Among my coworkers, most memorable is a Syrian refugee. He doesn’t speak any English and I don’t speak any Arabic so he bridges the gap by saying “Shaku maku Jimmy!” every 30 seconds or whenever one of us enters the room, whichever comes first. Shaku maku is Iraqi slang along the lines of what’s shakin’? or what’s crack-a-lackin’? My name isn’t Jimmy. I brought this upon myself by saying shaku maku to him first, but he took it to amazing heights. I feel bad saying this because he is a great father and would give you the shirt off his back were you in need… but there is zero doubt in my mind that he is the most annoying person born in the latter half of the 20th century. He is waiting to hear back from the Canadien embassy regarding staying in Toronto. I don’t have the heart to tell him how much nicer Vancouver is.

Next up is a former Iraqi Army soldier who also worked with American forces. He originally lived roughly 15 minutes from one of the locations I served in Iraq, close enough that I’ve probably given his son candy at some point in the past. We’re able to talk shop about the same places and some of the same people, which is both really cool and very depressing. Hint: western Iraq isn’t doing so well at the moment. He graduated from the Iraqi military academy and was an officer, swearing he wasn’t in the Ba’ath party, then worked as an interpreter for American forces after the US invasion. One if his brothers worked as a barber on a US base and was murdered for working with Americans. He then found a bullet wrapped in a note that said “LEAVE” on his doorstep. He left with his family before the next morning. He is currently waiting on UN paperwork to legally move to Sweden.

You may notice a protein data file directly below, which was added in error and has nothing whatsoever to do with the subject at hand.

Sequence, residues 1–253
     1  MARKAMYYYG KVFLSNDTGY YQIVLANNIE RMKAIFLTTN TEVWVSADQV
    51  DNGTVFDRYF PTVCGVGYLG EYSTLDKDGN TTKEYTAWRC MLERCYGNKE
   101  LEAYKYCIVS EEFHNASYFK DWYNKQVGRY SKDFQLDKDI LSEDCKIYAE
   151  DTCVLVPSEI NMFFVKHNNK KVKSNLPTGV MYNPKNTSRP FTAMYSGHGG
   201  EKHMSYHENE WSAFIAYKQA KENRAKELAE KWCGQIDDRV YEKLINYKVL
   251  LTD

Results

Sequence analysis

Next, a favorite of mine and most guests, is a Catholic from a Middle East state that isn’t at war. He’s not a religious refugee. He had previously lived in San Diego and could switch his Californian accent on and off, and it was awesome having another (sort of) American to talk with. He never said specifically how he wound up in Jordan, though he had spent a couple years in a Texas prison, undoubtedly hastening the process. He apparently got his US passport yanked and then got kicked out of the country after he divorced his American wife and got his second DUI. He wants to leave Jordan, but I’m unsure where he wants to go as he’s not welcome back in the US and apparently has significant issues in his home country as well.